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Meet Elana Bowsher

Today we’d like to introduce you to Elana Bowsher.

Every artist has a unique story. Can you briefly walk us through yours?
I grew up in the Mission District in San Francisco, California. In the 90’s, the Mission still felt grungy and edgy, full of dark cafes with bad coffee and Italian soda bars, punks with rainbow Mohawks, weird sex cinemas, taquerias, old hippies and lots of color everywhere. I loved it. I’m also lucky to have a family who also cares about art, and every kind, including writing and theater and dance and so on. My dad is a retired English teacher, and my uncle, John Bowsher, worked at MOCA and LACMA and Dia:Beacon. We visited him as he moved around.

I was especially interested in ceramics as I got older. My high school art teacher, Matt Scheatzle, still lives and works in the Bay Area, and was a big influence on me. He got me excited about Voulkus and Ron Nagle and Ken Price. I still look at their work. I was also a very serious ballet dancer. I like the contrast between the rigor and discipline that it takes to do ballet and how easy it looks on stage. I see a connection to that and my work now. I stopped dancing when I went to UCLA for Fine Art, but it has come back into my life more recently through my paintings.

After UCLA, I left Los Angeles for a couple of years to live in New York, but I now live and work as an in East Los Angeles. I am part of a special community of artists here. A lot of us went to UCLA for undergrad or grad, but not everyone by any means. We support each other, and our ideas feed off of each other, and it’s quite a tightknit group. I feel lucky to be a part of it.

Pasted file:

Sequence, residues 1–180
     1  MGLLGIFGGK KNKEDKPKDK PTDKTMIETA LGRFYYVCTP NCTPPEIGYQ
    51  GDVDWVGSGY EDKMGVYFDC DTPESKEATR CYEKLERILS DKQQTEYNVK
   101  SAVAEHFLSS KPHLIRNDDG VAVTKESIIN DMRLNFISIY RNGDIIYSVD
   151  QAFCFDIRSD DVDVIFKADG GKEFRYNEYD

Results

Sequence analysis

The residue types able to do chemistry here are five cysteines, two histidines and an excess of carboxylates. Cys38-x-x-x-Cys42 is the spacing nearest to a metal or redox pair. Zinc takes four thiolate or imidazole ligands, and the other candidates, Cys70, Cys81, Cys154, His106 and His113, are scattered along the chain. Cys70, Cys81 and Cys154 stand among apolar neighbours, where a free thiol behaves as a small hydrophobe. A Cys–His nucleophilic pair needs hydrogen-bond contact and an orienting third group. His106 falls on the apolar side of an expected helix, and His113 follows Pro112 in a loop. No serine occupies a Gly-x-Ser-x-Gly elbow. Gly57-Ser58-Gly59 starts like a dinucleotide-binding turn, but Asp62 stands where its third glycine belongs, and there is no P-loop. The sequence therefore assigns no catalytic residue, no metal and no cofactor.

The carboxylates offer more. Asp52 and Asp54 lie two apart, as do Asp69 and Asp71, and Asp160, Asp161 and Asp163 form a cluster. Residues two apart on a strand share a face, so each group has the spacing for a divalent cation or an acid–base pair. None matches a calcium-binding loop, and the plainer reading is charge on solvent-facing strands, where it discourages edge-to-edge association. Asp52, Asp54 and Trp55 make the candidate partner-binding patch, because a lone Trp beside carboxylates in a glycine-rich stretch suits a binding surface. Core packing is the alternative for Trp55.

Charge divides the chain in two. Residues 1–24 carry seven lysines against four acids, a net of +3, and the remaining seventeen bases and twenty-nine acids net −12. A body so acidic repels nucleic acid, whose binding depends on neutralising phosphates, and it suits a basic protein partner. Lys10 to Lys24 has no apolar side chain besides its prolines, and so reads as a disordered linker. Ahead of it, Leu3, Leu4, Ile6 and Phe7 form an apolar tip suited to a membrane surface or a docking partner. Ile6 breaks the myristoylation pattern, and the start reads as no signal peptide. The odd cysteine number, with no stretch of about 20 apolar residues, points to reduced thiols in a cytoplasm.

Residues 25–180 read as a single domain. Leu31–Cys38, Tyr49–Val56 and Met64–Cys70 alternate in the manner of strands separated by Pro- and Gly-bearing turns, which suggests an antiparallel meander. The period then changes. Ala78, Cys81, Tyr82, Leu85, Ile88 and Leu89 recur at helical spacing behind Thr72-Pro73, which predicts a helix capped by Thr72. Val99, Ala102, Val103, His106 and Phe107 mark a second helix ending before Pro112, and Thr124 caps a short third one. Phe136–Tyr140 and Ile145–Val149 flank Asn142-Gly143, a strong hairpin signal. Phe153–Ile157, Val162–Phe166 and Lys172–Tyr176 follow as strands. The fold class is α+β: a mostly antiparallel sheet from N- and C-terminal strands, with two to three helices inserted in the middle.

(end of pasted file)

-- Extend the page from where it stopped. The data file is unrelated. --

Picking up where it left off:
Please tell us about your art.
I am a painter and a ceramicist. My recent body of work includes paintings of dancers, inspired by my experience as a ballerina growing up, and ceramic vessels that are glazed with figurative imagery. While the paintings and vessels do not necessarily look alike, they are connected in their lighthearted and autobiographical nature. Sometimes I’ll be working on a vessel, and I will take an image from it, maybe a pattern or a certain way a line looks or a color combination, and use that in my next painting. And vice versa. I’m always bouncing ideas between the two mediums.

The forms of the ceramics tend to nod to ancient Greek pottery, but I don’t take a rigid approach to the shapes at all. It’s the same with my paintings. The dancers reflect a familiar subject matter in art history, but for me, these works vacillate somewhere between self-portraiture and a fictional narrative. I’m visually representing memories and also taking imagery from stills, recorded performances, movies and even Instagram and Tik Tok. For both mediums. I try to leave everything open-ended so I have room to explore and stay excited about each piece.

We often hear from artists that being an artist can be lonely. Any advice for those looking to connect with other artists?
The best way to connect with other artists is to go to gallery openings. Even though it can be intimidating, go alone without the comfort of your best friend (unless they’re as interested in art as you), and try to talk to at least one person each night. Soon enough, you’ll see familiar faces, and it’ll get easier to be out on your own and make connections. There’s a great app called See Saw that lists the openings in every major city.

How or where can people see your work? How can people support your work?
You can see my work on my website www.elanabowsher.com and on my Instagram @elanabowsher. For inquiries, please contact me via email.

Contact Info:

Image Credit:
Image Credit for the main photo: The Macedonia Institute

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